Champaign and Springfield are among the cities in Illinois that have the most to lose because of the state's poor fiscal condition and "will suffer the most as it tries to get on a long-run path to a sustainable budget," says a report by Moody's Analytics.
"The University of Illinois will likely be forced to shoulder an ever larger share of its educational needs as the state looks to restructure its pension system. While the university relies increasingly more on other sources of funding to supplement state appropriations, its ability to withstand further reductions is limited. Pension reform measures that shift some of the burden from the state onto the universities and local communities are also a threat."
Further, the report says that potential cuts in federal spending also will hurt the local economy.
"Although Illinois is not overly exposed to possible defense cuts, it would be among the hardest hit by reductions to nondefense discretionary spending because of its reliance on federal aid," said the report. "Federal grants subject to sequester account for 8.5 percent of Illinois' revenue, the second highest share in the nation after South Dakota. Among the state's metro areas, Champaign is most exposed. Although some of the federal money goes to financial aid grants, the bulk goes to research institutes, which are important drivers of private sector growth, as personnel and research ideas drift into private companies and university spin-offs."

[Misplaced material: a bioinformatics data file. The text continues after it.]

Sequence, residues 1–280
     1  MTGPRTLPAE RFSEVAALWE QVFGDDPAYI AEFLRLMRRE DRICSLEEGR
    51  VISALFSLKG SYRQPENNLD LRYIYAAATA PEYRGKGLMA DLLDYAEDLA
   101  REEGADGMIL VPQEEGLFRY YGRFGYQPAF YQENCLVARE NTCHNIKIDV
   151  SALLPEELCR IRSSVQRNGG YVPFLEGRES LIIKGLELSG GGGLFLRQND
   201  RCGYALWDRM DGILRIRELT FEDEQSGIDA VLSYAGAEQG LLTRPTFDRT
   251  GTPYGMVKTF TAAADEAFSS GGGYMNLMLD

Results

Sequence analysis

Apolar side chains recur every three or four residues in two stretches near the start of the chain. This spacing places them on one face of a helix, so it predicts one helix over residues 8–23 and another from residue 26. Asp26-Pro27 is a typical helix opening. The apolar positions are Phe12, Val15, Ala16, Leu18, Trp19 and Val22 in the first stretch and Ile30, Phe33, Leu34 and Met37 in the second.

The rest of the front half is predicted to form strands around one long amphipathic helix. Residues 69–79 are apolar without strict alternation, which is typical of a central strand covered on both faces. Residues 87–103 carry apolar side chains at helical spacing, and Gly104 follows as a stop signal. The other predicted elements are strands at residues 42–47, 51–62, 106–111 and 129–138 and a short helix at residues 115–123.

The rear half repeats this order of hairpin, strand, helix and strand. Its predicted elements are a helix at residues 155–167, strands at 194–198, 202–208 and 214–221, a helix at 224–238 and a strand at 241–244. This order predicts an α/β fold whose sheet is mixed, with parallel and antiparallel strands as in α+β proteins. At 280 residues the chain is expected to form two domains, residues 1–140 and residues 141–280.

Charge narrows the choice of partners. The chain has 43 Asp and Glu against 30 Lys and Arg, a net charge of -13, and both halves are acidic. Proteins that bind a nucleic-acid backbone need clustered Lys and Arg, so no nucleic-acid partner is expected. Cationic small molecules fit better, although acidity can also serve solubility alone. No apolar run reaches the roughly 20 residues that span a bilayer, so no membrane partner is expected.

On the other hand, Moody's was optimistic about the agricultural economy.
"Despite the strong competition from agricultural powerhouses Brazil, Argentina, India and China, Illinois' farmers will benefit from a growing global economy. Domestic and international policy developments point to increased openness of agricultural markets," said the report.
Alternative energy sources, including renewable sources that are eligible for tax breaks, are expanding markets for agricultural products, Moody's noted.
"The price of oil, now in the $95 to $100 per barrel range, is likely to rise only slowly over the course of this year, but it will increase steadily in the medium term. This will make alternative energy production, in which Illinois is focused on ethanol, more economically viable," said the report.
It also predicted that farm subsidies "will remain an integral component of U.S. agriculture," although the budget deficit could result in a reduction in subsidies down the road.